Kentucky 3rd District
At the falls of the Ohio River, Americans more than 200 years ago founded one of their first inland metropolises, the river port and industrial city of Louisville. Established by George Rogers Clark in 1778, the city has always retained an air of the South. When Kentucky decided not to secede from the union in 1861, the decision was not unanimous, and the culture of tidewater Virginia is still evident in the Louisville lawn party. Mint juleps are served on the verandas of mansions, especially (but not only) during Kentucky Derby week in May; horse racing is a preoccupation throughout the year. Although the Ohio River is crossed by many bridges and the accent across the river in Indiana may sound the same to outsiders, Louisville partakes of the Cavalier culture that second sons of big landowners from England brought to Virginia in the 17th century, and their heirs brought over the Appalachians to the valleys of Kentucky in the 18th century.
2008 Presidential Vote
|Cook Partisan Voting Index|
Louisville is Kentucky’s largest city, surpassing Lexington in 2003 after Louisville voters decided to consolidate the city and surrounding Jefferson County. Louisville has not been growing as rapidly as many other Southern and Midwestern cities. Its economy is in many ways pre-postindustrial: It produces cigarettes and whiskey, large appliances and Ford automobiles. However, it is also the headquarters of Humana health services and of Yum! Brands, which owns KFC, Pizza Hut, Taco Bell and Long John Silver’s. Its downtown hosts a new medical services center, the Muhammad Ali Center and the Owsley Brown Frazier Historical Arms Museum. The Louisville Bats’s Slugger Field, which opened in 2000 on the riverfront, has attracted $100 million in development nearby. But the pace of growth in Louisville-Jefferson County is still slower than in the counties that ring it and in the counties across the river in Indiana. This regional growth has fueled plans to build two massive bridges over the Ohio River, at an estimated cost of $4 billion. Louisville has not yet attracted large numbers of immigrants, but has an interesting variety: Vietnamese, Bosnians, Cubans, Chinese, Indians, Koreans and Mexicans.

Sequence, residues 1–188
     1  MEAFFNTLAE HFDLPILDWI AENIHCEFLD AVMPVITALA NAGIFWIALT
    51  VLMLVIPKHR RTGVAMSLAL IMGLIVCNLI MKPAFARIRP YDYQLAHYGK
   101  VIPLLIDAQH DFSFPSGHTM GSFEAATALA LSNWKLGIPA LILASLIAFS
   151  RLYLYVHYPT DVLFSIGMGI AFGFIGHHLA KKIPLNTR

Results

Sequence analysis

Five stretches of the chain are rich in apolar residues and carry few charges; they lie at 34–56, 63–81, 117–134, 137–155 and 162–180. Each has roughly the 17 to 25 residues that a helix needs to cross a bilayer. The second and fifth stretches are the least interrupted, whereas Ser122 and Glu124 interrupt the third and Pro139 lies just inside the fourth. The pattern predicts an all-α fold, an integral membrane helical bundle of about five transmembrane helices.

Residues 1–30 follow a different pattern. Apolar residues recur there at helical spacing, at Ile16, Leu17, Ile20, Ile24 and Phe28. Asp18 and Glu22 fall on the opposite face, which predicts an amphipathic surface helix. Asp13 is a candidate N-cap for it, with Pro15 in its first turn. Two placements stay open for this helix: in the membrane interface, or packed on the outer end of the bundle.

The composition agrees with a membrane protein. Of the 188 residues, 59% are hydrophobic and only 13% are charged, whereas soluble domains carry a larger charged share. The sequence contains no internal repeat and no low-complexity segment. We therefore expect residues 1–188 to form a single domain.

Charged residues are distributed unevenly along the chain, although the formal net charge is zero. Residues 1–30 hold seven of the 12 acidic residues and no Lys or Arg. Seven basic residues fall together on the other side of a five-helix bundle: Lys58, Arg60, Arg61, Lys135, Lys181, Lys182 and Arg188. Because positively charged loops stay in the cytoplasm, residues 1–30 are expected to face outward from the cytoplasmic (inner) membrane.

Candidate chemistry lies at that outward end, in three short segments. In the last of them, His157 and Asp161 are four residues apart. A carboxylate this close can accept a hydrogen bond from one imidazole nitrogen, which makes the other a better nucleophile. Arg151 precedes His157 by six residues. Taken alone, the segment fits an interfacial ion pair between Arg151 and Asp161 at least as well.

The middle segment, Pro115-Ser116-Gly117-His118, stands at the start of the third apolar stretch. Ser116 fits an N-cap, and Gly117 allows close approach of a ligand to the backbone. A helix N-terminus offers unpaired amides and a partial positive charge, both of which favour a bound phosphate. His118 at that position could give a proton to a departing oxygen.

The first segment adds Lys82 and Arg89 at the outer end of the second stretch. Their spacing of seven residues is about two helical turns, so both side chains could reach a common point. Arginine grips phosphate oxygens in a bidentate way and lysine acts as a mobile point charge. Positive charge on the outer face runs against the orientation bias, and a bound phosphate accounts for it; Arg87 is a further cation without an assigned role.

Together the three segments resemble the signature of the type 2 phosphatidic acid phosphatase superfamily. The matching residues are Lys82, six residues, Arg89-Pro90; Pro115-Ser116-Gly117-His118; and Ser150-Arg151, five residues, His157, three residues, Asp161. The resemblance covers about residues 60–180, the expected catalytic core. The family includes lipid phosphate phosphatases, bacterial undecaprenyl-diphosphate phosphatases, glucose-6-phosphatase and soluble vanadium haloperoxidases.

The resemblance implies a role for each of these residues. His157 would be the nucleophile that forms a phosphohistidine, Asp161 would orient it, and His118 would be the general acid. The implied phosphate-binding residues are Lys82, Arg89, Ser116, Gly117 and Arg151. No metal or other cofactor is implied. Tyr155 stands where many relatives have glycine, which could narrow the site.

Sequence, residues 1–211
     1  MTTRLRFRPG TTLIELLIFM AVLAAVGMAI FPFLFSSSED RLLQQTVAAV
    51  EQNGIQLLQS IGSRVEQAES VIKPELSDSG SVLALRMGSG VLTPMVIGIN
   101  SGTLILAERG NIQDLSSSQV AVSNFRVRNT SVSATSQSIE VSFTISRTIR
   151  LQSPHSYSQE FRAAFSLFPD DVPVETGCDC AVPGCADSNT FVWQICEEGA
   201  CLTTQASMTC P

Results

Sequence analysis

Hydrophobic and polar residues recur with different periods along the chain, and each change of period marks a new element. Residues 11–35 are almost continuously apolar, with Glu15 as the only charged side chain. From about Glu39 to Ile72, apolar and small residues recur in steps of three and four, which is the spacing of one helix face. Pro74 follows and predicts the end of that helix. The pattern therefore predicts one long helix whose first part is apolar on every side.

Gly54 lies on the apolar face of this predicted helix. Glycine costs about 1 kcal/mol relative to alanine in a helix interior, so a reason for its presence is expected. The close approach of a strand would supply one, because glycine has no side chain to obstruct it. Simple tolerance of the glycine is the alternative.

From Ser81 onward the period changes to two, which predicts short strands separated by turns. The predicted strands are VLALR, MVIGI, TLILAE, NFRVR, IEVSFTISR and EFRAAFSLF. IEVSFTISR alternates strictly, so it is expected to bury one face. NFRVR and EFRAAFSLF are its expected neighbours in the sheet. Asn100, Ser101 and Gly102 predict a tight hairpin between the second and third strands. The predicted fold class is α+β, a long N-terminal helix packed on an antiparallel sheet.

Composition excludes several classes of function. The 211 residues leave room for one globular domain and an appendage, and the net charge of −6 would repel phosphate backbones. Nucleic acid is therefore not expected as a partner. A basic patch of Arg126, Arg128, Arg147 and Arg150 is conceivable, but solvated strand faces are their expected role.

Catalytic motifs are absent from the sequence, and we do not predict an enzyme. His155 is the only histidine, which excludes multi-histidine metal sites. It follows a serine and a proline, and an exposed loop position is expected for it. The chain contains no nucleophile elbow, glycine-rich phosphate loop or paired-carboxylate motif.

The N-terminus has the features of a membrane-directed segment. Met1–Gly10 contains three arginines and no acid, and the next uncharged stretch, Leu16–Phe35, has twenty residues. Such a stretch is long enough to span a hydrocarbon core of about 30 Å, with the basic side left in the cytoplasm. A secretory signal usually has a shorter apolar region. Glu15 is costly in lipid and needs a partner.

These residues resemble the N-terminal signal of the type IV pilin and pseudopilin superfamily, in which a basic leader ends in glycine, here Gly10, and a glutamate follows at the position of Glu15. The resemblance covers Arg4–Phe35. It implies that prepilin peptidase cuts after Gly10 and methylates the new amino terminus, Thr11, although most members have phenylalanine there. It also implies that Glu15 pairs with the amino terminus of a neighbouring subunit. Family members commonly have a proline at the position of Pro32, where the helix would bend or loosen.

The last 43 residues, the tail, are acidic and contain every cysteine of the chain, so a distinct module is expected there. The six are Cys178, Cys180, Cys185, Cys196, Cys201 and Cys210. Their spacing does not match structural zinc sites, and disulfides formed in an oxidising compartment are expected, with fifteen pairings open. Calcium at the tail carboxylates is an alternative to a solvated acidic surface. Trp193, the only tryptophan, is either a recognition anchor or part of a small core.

The 3rd Congressional District of Kentucky includes all but a dozen or so precincts of Louisville-Jefferson County. There is a large black population in the West End of Louisville and just south of the old city limits, and a lower-income white population along the strip highway that leads to Fort Knox. The suburbs to the east tend to be affluent. Small, elite neighborhoods—Mockingbird Valley, Glenview, Ten Broeck—are nestled in the hills above the Ohio River. Louisville has long been an odd duck in Kentucky politics. If its elite were Virginia Cavaliers, many of its burghers were Germans and Pennsylvanians who made this river town a Republican and anti-slavery island in a secessionist and pro-slavery sea. That tradition helps explain why Republican Mitch McConnell was able to get elected as Jefferson County judge-executive in 1977 and 1981, when the state was electing Democrats to most other offices. Since the 1990s, Louisville, like so many metro areas, has trended toward the Democrats, even as the rest of Kentucky trended Republican. The 3rd District voted by narrow margins for Al Gore in 2000 and John Kerry in 2004, while the state’s other five districts all voted twice for George W. Bush. In 2008, the district voted for Barack Obama even as the rest of Kentucky went solidly for John McCain.